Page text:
People With Eczema More Likely to Suffer Bone Fractures, Study Finds

People with eczema are more likely to suffer fractures, according to a study.

Researchers compared 526,808 people with atopic eczema, the most common form of the condition, and 2,569,030 without. They looked at whether the participants have suffered hip, pelvic, spinal or wrist fractures.

The worse a person's eczema was, the greater their chances of having a fracture, the team found. The likelihood of having a fracture was 13 percent greater in people with atopic eczema compared to people without, from the baseline. People with the condition had a "dramatically" increased risk of fracture, at 50 percent more hip fractures, 66 percent more pelvis fractures, and more than double the risk of spine fractures, study co-author Sinéad Langan, professor of clinical epidemiology at the London School of Hygiene & Tropical Medicine, told Newsweek.

Langan stressed the risk is still low. "If you have atopic eczema, please don't be too concerned by our findings," she said.

"However, although the overall risk is low, the substantial increase in the risk of spine, hip and pelvic fractures seen in those with severe atopic eczema is particularly concerning, given the serious health issues associated with these fractures," said Langan.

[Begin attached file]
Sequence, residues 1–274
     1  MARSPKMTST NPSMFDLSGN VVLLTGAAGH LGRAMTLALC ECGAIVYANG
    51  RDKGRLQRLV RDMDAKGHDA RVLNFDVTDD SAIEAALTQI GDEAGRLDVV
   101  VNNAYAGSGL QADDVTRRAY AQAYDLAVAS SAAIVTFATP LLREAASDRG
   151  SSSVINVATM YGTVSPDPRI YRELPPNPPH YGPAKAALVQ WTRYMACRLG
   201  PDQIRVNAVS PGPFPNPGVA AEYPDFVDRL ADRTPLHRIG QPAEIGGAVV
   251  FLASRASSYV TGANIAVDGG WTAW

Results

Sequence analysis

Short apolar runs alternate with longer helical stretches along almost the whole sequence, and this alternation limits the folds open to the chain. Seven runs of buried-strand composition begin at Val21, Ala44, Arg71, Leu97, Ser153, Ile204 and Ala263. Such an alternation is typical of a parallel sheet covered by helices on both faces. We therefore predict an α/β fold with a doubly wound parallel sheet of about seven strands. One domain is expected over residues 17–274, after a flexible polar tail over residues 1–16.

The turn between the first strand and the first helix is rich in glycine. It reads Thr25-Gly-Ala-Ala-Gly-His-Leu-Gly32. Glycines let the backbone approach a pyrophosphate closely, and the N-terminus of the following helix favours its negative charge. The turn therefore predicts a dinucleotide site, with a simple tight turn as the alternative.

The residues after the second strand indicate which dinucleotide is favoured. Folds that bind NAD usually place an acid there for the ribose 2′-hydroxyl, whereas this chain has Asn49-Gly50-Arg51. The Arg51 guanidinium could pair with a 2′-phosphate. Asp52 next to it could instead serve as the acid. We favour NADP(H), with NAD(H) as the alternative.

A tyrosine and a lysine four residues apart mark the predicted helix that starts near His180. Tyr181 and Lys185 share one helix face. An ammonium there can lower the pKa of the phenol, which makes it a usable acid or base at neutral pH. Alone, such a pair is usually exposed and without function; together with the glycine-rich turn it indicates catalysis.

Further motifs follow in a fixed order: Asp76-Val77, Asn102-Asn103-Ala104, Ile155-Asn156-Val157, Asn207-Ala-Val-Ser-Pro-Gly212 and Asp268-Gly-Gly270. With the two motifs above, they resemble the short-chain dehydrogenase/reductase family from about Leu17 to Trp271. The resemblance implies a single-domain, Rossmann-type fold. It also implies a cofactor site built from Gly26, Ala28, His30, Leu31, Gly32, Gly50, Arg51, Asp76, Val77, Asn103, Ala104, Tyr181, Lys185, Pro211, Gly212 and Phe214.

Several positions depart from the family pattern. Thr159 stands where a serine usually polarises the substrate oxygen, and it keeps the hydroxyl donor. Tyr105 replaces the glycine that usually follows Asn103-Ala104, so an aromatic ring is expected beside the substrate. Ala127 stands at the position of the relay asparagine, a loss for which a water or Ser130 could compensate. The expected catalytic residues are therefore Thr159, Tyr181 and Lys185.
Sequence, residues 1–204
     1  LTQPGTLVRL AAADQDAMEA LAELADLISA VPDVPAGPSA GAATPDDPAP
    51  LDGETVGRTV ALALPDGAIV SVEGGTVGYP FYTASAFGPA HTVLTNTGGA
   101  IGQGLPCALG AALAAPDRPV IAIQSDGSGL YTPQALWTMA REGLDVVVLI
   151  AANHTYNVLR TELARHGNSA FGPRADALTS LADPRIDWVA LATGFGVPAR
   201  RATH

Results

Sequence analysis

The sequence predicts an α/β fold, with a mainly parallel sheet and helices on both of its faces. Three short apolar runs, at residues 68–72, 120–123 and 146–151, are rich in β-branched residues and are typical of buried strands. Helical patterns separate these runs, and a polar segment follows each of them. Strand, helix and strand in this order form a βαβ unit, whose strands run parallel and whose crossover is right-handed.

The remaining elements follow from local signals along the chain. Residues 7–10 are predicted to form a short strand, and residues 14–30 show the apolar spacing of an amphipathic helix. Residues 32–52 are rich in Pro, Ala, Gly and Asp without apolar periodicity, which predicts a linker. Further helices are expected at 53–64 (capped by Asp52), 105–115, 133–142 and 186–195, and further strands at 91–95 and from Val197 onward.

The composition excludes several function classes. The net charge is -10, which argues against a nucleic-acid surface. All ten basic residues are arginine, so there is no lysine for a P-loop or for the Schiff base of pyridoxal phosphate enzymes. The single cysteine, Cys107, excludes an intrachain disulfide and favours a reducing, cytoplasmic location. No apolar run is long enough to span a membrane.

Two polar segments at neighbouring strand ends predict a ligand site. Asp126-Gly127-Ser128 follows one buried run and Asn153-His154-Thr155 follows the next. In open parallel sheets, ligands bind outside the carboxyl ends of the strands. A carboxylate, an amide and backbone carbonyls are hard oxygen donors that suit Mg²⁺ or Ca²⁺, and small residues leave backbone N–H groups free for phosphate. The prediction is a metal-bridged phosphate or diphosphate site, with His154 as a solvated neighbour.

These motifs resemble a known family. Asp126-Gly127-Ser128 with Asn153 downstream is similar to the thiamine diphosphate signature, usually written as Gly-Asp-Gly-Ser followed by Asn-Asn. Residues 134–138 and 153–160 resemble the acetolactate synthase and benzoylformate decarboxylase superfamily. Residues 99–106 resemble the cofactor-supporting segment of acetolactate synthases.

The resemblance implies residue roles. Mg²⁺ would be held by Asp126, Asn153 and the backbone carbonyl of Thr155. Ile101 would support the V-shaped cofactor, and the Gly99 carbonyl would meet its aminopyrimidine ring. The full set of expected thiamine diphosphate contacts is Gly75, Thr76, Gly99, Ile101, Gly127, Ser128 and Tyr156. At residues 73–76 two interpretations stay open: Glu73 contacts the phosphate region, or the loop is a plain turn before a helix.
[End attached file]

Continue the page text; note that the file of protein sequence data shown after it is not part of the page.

"We were surprised by how much fracture risk increased in people with severe atopic eczema, we had not expected it would be quite that increased," said Langan.

Her team investigated this potential connection after they found research linking atopic eczema and osteoporosis, a condition where bones are weaker and more prone to breaking.

"But the existing evidence for a potential link between atopic eczema and fracture itself was a little limited," Langan said. Her team had also seen patients with osteoporosis and osteopenia, "suggesting that we should look at this more closely."

It's unclear what is underlying the link, Langan explained.

"For example, people with eczema may have daily allergies, make dietary changes (some believe that certain foods trigger eczema flares) or avoid exercise (as sweating may increase the itch associated with their atopic eczema); these factors may make them more prone to fractures," she said.

In light of the findings, bone density screenings should consider including people with more severe atopic eczema "in order to prevent fractures, improve long-term quality of life, and reduce fracture-related healthcare costs," said Langan.

"However, regardless of whether you have atopic eczema or not, everyone should be doing some exercise, particularly weight-bearing exercise, to strengthen their bones to help prevent osteoporosis," she added.

eczema, dry skin, getty, stock,
A stock image shows a person putting cream on their dry skin. Evidence suggests there is a link between eczema and bone fractures. Getty